Landscaping choices affect everyone

Posted on: July 1, 2012


Planting our favorite flowers, bushes and trees in our yards is one of the joys of home ownership. Privet forms a thick privacy hedge. Russian and autumn olives make showy windbreaks. Honeysuckle scents the air and attracts butterflies and birds.

All are common landscaping choices by homeowners, yet all are invasive species as identified by the Grand Traverse Regional Invasive Species Network, also known as ISN.

A plant is considered invasive when its growing habits alter the natural landscape and contribute to the destruction of natural ecosystems. The network includes several agencies working in multiple counties to eradicate non-native and invasive trees, shrubs, vines and plants. 

If you are a hiker, bird watcher, fisherman, hunter, mushroom gatherer or waterfront owner – or make your living catering to them – your enjoyment and livelihood can be cut short by invasive species which threaten the environmental and economic well-being of a region.

Employees of the Sleeping Bear Dunes National Lakeshore organize volunteers to pull garlic mustard and baby’s breath on park lands.  Staffers at the Grand Traverse Conservation District, Leelanau Conservancy and Leelanau Conservation District, directing volunteers, rid meadows and wetlands of invasive species such as black locust trees, purple loosestrife, bamboo and others.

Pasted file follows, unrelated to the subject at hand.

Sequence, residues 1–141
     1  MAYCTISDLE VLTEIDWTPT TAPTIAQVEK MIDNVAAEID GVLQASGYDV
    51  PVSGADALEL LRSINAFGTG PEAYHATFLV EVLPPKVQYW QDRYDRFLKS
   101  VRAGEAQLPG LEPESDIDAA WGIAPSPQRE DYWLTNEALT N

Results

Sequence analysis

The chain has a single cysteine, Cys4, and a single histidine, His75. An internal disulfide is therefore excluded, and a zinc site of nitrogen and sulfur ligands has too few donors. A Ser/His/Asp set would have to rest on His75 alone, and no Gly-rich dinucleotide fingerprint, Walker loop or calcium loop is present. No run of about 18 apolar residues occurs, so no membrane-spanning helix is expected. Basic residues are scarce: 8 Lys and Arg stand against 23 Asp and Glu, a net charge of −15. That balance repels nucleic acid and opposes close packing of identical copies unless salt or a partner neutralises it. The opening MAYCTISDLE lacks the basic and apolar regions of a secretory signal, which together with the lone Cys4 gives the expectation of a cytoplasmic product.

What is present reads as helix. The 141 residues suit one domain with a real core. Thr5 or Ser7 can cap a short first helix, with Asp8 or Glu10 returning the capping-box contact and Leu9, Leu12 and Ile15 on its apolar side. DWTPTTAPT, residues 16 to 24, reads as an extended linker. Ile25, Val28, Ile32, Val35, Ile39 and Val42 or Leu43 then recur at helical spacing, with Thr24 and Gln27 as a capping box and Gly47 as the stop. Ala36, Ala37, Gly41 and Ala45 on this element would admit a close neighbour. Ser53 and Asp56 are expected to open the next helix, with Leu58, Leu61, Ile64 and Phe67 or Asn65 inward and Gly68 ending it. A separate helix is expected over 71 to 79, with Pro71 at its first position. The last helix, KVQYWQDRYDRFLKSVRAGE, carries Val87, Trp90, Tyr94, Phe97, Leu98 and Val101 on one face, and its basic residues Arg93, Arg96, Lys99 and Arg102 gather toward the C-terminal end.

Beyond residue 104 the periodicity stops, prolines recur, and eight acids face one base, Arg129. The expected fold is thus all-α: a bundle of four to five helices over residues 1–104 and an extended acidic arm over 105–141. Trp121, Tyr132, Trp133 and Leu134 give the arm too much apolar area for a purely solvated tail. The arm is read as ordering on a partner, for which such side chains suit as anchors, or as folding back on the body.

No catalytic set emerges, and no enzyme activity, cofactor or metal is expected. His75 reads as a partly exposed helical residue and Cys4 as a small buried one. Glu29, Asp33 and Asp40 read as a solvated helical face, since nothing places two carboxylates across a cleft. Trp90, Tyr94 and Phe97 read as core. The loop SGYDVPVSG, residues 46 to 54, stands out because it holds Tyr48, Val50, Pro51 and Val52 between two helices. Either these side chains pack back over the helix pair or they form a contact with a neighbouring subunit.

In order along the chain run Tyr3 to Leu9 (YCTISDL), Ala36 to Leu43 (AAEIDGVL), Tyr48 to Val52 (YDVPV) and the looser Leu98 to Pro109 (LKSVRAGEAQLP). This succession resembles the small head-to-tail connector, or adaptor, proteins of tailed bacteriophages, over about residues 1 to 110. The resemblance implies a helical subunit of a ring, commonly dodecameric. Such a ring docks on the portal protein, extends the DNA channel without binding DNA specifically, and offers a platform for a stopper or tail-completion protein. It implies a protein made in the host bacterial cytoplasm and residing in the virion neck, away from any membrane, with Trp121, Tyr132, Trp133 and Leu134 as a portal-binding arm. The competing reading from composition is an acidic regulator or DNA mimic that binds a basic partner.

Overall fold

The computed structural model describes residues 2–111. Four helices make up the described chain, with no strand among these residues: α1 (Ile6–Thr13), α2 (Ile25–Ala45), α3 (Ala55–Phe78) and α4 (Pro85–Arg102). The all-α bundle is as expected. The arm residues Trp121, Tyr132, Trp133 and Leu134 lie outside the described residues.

The network’s “Top 20 Least Wanted” species include many time-honored favorites, including dame’s rocket, Japanese barberry, oriental bittersweet and buckthorns. Become acquainted with the list and other threatening species, and learn to love and to plant Michigan native species which restore balance to our state’s plant and animal kingdoms.  Visit to view the list.


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